International Business Machines Corp. and Canada will be signing a high-level agreement on expanding semiconductor cooperation, during US President Joe Biden’s visit to Ottawa. The memorandum of understanding will seek to capitalize on the US push for semiconductor investment with its CHIPS Act. IBM already operates a large facility for testing and packaging semiconductors in Bromont, Quebec. The agreement will lay out a plan to further build out the microchip ecosystem in the region, particularly when it comes to workforce development. It will also pledge to look at increasing Canada’s role in the semiconductor supply chain and integrating it with US manufacturing.
Oil prices are down over –3% with risk assets slumping and commodities feeling the pressure from an uptick in the U.S. dollar. Crude remains on course for its steepest first-quarter drop since 2020, when the pandemic wiped out demand. Concerns weighing on markets include a potential U.S. recession, robust Russian oil flows in the face of Western sanctions and strikes at refineries in France. More interestingly, there is a change on the horizon for oil demand, with India set to eclipse China as the most important driver of global growth, and potentially the last, as the world shifts to a cleaner environment. A swelling population, which has likely already surpassed that of China, will help to underpin that growth along with consumption trends. India’s transition from traditional gasoline and diesel-fueled transport is expected to lag other regions, whereas China’s adoption of EVs is booming.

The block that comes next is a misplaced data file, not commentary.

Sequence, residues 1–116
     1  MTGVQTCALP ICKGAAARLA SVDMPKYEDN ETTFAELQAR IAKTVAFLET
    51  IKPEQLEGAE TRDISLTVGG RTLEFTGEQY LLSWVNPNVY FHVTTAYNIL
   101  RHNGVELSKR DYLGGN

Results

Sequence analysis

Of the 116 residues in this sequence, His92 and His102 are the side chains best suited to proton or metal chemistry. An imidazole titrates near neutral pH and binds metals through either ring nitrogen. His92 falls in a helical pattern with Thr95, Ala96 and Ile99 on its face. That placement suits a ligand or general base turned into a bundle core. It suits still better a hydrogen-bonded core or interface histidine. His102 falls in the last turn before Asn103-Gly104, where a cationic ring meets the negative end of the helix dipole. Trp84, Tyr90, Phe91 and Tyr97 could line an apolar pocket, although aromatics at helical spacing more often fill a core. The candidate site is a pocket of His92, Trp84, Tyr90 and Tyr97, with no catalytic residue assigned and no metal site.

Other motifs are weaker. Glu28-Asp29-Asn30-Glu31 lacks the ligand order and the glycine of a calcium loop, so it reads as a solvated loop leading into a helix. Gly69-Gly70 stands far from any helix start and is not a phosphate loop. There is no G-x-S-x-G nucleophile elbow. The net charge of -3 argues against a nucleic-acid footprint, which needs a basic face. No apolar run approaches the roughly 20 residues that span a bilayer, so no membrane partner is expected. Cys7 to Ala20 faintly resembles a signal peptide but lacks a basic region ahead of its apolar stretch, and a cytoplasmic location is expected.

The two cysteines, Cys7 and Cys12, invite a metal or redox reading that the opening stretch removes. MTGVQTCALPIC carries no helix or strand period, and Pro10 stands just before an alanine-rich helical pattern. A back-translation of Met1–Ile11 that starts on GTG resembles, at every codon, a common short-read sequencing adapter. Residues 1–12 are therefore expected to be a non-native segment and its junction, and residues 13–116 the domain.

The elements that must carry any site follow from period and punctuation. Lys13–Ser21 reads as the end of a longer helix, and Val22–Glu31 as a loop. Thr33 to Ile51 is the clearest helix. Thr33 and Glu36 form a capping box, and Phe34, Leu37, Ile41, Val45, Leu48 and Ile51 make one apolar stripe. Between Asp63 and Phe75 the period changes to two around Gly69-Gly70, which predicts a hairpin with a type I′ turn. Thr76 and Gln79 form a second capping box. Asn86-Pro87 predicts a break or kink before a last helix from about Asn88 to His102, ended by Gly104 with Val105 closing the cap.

Iron ore is heading for its biggest weekly loss since October on increasing concern over Chinese steel demand. Despite being higher today, the steel-making staple is down around 8% this week. In an ominous sign for demand, stockpiles of steel at Chinese mills have been rising steadily in March. That’s even as output volumes increase to meet construction demand before a likely government-mandated cut in nationwide production of the alloy for environmental reasons.
Fixed income and economics
Global bonds are rallying today as renewed concern over the banking sector spurred demand for safe assets and fueled bets central banks won’t be able to keep raising rates for long. Yields on sovereign bonds were lower led by short-end debt that is more sensitive to policy changes. Investors turned to havens as bank shares slumped headlines surfaced that Credit Suisse Group AG and UBS Group AG are among lenders under scrutiny in a US Justice Department probe into whether financial professionals helped Russian oligarchs evade sanctions.
Switzerland defended its decision to render an entire class of Credit Suisse Group AG debt worthless during last week’s state-brokered takeover by UBS Group AG, telling bondholders that they had been warned of the risk in the paperwork. Approximately 16 billion francs ($17.5 billion) worth of Credit Suisse Group AG’s contingent convertible bonds, referred to as AT1s, were wiped out in the deal, which contained guarantees against some potential losses for UBS and liquidity lines from the Swiss National Bank. Banking regulator Finma said in a statement Thursday that the emergency law published alongside the deal enabling the guarantees meant invoking the loss provisions in the bonds’ prospectuses.
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The purpose of life is a life of purpose. Robert Byrne
Contributors: A. Innis, A. Nguyen, P. Kwon, M. Letchumanan